(RNS)-- So now we know that, behind the scenes and buried deep, clever technology is tracking our lives through the mobile devices we gush over and computers we depend on.
Firms that we want to trust are tracking who we are, what we buy, what we search for, and where we go. They sell that data to advertisers and make it available to government snoops without much resistance.
As a result, our personal data get poured into vast data pools, where shadowy firms with data-mining technology can sift, sort and sell virtually everything about us.
Meanwhile, The New York Times reports that cereal makers are selling computer games to children that actually are "advergames" hawking a product. Content farms churn out phony content in an attempt to beat Google's search algorithm. Apple's iPhones record users' movements and make the data vulnerable to identity thieves.
In a one-year period, Sprint Nextel provided law enforcement agencies with phone users' location data 8 million times. On NCIS, such tracking seems clever; in real life, it seems spooky.
From an ethical perspective, it hurts to see Silicon Valley in such tawdry company as Big Tobacco, which remorselessly preyed on people, got caught in knowingly selling cancer and emphysema, threw up a legal and lobbying smokescreen, and then resumed preying.
Is this the best that bright young minds can do with these magical tech tools: deliver eyeballs to advertisers, children to predators, and finely tuned data to government?
It hurts because I admire their ingenuity, enjoy their gadgets, applaud web-based communications and think e-commerce has great benefits. The Internet can be such a powerful tool for the good. To see a talented generation chasing multimillion-dollar paydays for doing little more than a carnival huckster hawking a Veg-O-Matic is tragic.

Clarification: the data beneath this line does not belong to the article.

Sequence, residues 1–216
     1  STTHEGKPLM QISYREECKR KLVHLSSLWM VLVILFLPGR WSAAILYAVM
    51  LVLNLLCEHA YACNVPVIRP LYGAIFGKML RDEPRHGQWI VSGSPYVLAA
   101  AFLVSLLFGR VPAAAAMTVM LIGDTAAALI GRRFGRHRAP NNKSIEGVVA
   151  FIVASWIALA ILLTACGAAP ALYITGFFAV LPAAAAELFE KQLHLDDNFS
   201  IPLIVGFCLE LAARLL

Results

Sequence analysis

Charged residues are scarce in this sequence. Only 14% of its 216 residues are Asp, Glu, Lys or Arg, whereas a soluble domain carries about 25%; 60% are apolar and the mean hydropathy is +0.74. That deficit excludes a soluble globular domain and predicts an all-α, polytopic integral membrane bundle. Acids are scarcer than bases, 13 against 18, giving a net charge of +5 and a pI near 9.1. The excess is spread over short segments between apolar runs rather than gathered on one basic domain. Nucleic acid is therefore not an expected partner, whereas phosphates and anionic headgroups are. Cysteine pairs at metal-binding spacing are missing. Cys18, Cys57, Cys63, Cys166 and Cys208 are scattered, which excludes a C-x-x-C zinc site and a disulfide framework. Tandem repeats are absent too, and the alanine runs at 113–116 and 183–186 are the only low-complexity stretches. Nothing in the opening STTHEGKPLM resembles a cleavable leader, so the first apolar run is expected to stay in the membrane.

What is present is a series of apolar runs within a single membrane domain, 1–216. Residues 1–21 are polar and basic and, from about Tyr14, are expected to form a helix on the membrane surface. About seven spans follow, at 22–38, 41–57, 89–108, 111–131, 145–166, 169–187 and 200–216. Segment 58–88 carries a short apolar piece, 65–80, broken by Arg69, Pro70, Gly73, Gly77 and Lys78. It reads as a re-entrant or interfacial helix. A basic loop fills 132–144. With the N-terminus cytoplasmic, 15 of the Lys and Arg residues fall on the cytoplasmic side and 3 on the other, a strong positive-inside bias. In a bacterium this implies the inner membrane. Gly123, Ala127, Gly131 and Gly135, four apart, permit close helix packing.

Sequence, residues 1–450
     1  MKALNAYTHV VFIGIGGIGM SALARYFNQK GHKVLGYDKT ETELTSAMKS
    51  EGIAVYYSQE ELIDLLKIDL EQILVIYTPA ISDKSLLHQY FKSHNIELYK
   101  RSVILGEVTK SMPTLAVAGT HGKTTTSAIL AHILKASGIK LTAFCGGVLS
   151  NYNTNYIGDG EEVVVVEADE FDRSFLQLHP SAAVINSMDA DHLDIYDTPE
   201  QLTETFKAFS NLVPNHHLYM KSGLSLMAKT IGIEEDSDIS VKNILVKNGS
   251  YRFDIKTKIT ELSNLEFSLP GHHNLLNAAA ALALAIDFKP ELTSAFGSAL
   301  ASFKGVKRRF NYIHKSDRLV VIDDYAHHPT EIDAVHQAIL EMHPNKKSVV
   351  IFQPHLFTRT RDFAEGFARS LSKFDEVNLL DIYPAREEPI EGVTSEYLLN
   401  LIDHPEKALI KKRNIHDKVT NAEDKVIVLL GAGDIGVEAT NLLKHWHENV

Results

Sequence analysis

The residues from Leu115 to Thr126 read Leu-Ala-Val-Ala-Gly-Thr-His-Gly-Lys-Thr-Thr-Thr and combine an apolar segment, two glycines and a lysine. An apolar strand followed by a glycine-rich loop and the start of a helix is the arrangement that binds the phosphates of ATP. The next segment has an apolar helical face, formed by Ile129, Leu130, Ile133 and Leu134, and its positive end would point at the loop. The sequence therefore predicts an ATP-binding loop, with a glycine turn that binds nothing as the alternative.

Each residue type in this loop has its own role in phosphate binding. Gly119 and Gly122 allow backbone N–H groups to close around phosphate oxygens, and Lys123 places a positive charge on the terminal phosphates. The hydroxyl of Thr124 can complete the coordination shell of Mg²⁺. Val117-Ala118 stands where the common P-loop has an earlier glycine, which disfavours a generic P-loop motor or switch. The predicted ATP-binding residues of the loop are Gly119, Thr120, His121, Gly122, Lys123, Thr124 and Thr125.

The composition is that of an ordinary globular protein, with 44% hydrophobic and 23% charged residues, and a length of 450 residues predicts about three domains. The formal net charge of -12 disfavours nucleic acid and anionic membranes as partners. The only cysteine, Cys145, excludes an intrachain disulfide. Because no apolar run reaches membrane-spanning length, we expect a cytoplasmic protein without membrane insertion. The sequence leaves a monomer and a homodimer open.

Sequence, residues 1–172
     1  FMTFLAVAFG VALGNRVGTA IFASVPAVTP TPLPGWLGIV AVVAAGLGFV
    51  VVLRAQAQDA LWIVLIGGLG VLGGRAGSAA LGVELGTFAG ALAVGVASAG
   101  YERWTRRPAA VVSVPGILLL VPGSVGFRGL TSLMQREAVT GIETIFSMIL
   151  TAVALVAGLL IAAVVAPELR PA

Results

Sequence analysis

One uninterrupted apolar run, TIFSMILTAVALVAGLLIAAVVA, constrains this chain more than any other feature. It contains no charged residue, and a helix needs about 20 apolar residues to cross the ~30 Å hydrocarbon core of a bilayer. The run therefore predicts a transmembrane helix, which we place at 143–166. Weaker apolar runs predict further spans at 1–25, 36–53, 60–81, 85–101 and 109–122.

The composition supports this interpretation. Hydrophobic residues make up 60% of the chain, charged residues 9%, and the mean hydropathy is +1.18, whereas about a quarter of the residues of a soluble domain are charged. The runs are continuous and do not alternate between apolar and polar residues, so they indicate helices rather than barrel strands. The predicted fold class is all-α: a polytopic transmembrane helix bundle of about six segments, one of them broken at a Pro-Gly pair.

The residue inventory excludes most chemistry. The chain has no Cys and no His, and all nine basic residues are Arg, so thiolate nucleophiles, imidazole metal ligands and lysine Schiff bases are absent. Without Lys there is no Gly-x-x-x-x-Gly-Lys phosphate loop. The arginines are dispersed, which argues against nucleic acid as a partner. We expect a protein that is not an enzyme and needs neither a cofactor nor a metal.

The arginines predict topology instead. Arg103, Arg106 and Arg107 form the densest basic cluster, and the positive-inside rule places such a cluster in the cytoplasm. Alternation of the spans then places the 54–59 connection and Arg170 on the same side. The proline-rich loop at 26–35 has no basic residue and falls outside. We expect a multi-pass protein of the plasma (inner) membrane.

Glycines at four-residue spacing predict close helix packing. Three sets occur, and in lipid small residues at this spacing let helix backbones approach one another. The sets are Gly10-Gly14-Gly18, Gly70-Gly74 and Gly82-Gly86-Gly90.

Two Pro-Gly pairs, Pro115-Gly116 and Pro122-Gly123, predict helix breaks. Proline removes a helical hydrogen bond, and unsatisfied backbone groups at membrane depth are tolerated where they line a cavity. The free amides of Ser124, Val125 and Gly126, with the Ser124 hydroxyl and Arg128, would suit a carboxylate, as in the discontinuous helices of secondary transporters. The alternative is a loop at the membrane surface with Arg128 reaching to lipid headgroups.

Another cohort seems to have missed Ethics 101, in which we study the good, not the profitable; and consider the social contract, not ways to manipulate people against their best interests.
An Ethics 101 class would consider Google's philosophy -- "You can make money without doing evil" -- and study how the lure of $26 billion in annual online advertising has erased the "without doing evil" clause.
The ethics class would study Facebook's high-profile CEO Mark Zuckerberg, who still plays the role of groovy geek wearing a hoodie while his firm ramps up a lobbying office in Washington to make sure that Congress doesn't take consumers' side and cripple technology's golden goose.
So, once again, caveat emptor it is. Silicon Valley sees us as suckers. We're on our own. Here are a few defenses available to you:
- You can turn off "Location Services" on your iPad and iPhone. You can use your web browser's tools to block tracking cookies, web-usage history, and ads.
- When faced with a data form, only give the required data, and never give your Social Security number. On Facebook, minimize the personal data you post, and keep it private. Avoid giving locational data in your postings.
Each little bit of data seems harmless, but when they are aggregated, mined and sold, even harmless tidbits can be correlated into a disturbingly complete picture of you.
As long as the money machine hums, tech firms won't be motivated to protect you or your data. Even your search for fun and friendship can be turned against you. To them, your identity is nothing more than a commodity.
So get smart about the technology you use. Don't assume it's safe out there.
Tom Ehrich is a writer, church consultant and Episcopal priest based in New York. He is the author of Just Wondering, Jesus and founder of the Church Wellness Project. His website is www.morningwalkmedia.com. Follow Tom on Twitter @tomehrich.
c. 2011 Religion News Service. Used with permission.
Publication date: April 27, 2011